The series has comedic potential and over-30 appeal, but Laczka says the women drawn in by Stamos as lead actor won’t offset its scheduling challenges. In addition to facing The Muppets, both it and The Grinder are up against The Flash, NCIS and The Voice, which Laczka says will make it tough.

Meanwhile, People are Talking, a new comedy airing Fridays at 8:30 p.m. on Global and NBC will be up against The Amazing Race and Undateable. Starring Mark-Paul Gosselaar (Saved by the Bell), the new series features a pair of neighbouring couples examining issues from sex to race. It looked funny and reflects the surge in comedies with more ethnic diversity in their casts, Froude says.

But Laczka says her hopes for the comedy aren’t high, mostly because it was created by DJ Nash, whose track record is full of shows that failed to make it past a season, including ‘Til Death. “It’s great that shows are examining these [issues], I just don’t know if this creator is the one to do it justice.”

screamQueensWill teens scream for primetime?

Mix some millennial stars and a sorority house with horror movie veteran Jamie Lee Curtis (pictured), and you get Scream Queens, airing Tuesdays at 9 p.m. on City and Fox. Created by Ryan Murphy, the brain behind Glee and American Horror Story, the show is likely to be a hit among millennial and Gen Z females.

The series has a similar feel to the Scream movie franchise (which will also be brought to the small screen this year). It has a fun factor to it, including the slight silliness of the masked killer, Froude says. That unique blend of comedy and horror is likely to be a draw for a younger demo, many of whom are CW watchers, she points out. It’s also likely to pick up from Glee‘s audience, both because of its casting of that show’s youthful star Lea Michele, and its hybrid genre.

The 9 to 10 p.m. time slot does bring tough competition against Agents of S.H.I.E.L.D., Laczka notes. That said, many of the show’s millennial viewers might be tuning in at off hours to watch. The real challenge may be surviving past one season, she says.

Adding a little variety

While reality shows like The Voice and MasterChef still draw strong ratings, no conventional networks will be debuting new reality this fall, perhaps signalling that its popularity in primetime is coming to an end.

ëAnt and Decís Saturday Night Takeawayí TV Programme, London, Britain. - 21 Mar 2015However, Best Time Ever, an adaptation of U.K. variety show Saturday Night Takeaway will combine comedy bits, music and in-studio games. Airing Tuesdays at 10 p.m. on CTV Two and NBC with a 10-episode run, the show could fill a hole for viewers still looking for singing and dancing, says Laczka.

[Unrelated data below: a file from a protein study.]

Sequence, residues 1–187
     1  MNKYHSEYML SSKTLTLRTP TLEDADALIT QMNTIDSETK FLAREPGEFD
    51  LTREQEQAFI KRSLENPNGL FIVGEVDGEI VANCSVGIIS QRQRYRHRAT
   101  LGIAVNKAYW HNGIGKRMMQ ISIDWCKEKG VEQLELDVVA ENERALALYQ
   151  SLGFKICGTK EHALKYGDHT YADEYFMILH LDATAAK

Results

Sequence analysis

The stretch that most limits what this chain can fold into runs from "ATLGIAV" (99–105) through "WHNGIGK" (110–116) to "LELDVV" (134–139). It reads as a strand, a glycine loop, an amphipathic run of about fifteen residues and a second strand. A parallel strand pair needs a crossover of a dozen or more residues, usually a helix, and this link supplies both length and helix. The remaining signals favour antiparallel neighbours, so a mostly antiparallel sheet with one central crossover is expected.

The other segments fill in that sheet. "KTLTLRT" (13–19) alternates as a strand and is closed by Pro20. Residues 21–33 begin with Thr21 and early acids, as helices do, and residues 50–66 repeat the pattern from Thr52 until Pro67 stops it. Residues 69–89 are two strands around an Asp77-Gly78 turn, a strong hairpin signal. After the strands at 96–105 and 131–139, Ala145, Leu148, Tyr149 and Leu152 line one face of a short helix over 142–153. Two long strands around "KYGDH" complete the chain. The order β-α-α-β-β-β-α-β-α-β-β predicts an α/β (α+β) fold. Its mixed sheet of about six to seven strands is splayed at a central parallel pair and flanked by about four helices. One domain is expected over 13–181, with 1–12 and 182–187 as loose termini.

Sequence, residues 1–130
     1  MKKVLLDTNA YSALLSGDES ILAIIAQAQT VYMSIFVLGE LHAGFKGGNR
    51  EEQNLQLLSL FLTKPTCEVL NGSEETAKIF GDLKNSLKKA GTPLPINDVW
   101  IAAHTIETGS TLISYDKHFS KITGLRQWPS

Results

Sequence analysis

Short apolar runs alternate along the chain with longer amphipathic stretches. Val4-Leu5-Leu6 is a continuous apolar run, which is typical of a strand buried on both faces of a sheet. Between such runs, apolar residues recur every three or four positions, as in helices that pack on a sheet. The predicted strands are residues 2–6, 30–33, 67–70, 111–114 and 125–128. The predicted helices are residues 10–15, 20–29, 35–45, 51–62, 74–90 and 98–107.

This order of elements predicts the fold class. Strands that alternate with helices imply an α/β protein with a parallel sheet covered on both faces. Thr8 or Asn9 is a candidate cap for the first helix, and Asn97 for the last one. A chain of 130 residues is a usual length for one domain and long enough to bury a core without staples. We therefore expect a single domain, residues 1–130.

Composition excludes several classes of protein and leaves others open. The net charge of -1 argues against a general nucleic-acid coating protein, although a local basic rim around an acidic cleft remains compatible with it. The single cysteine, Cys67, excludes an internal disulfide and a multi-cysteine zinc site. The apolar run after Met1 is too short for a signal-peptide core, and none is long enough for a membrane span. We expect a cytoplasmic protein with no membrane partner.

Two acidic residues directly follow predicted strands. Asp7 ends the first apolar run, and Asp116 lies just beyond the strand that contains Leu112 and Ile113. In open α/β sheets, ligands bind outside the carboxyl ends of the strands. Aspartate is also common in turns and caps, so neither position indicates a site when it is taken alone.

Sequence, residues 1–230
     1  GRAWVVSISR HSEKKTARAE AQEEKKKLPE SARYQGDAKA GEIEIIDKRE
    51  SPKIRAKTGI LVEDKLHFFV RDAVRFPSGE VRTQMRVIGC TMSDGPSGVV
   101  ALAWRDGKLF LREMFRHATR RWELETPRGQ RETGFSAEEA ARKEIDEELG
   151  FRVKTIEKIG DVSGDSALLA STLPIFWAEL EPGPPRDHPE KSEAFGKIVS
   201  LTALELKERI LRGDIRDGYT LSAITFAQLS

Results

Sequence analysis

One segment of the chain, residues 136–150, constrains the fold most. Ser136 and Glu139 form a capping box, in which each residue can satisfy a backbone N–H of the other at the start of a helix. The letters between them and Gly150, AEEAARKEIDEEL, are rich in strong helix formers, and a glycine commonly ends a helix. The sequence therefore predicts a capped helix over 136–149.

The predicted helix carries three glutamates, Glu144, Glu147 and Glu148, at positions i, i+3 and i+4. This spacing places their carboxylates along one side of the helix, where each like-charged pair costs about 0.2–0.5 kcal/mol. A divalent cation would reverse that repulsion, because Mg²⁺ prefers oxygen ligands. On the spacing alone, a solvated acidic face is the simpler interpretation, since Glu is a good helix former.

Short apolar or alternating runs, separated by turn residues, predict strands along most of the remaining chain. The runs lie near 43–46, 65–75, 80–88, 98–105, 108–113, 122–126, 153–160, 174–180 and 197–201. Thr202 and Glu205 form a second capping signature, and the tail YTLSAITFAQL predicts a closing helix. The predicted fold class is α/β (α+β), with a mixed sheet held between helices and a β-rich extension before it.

“I don’t think it’s going to be a hit, but it’s going to be that same kind of fun, mindless viewing,” she says. “And there’s room for this kind of show, so long as they keep it to its limited run before people get tired of it.”

While Mindshare’s Morris says the reality market is saturated and the impending finale of American Idol signals that singing competitions are done, host Neil Patrick Harris has built up enough of a following that a show centred on him could be different and entertaining enough for viewers.

“Harris is very funny and I think people will tune in even if they don’t really know what the show is about just to see him,” Morris says.

Laczka does add, however, airing the show at 10 p.m. is strange, as it seems perfect for family viewing.

keepingCanadaAliveReal Canadian stories

CBC still has some bets on factual TV, although it’s venturing away from the competition show space. Six-part series Keeping Canada Alive (pictured), airing Sundays at 9 p.m., was shot during a 24-hour period in hospitals and trauma centres across the country to capture the everyday realities of patients and health care providers in Canada.

“Canadians are drawn to their own stories and understanding what’s going on in the country,” PHD’s Laczka says. “CBC tends to have a higher eastern audience with things like this, as well as parts of the Prairies. But in Ontario and B.C., the tastes are different, so we’ll see if it gets attention there.”

The broadcaster’s CBC Arts cross-platform culture project is also set to launch this summer, which will take its form on TV with limited run series Crash Gallery debuting on Fridays at 8:30 p.m. in October. That show pits four artists against each other in creative tasks in a non-elimination competition that aims to highlight the creative process.

Interrupt This Program will take over its time slot in November, examining the vibrant arts and culture communities that have thrived in cities around the globe otherwise torn apart by war or political unrest. Meanwhile, weekly half-hour show Exhibitionists, which has yet to be given a time slot, will dive deep into how both established and up-and-coming Canadian artists find their inspiration.

blindSpotThrill seekers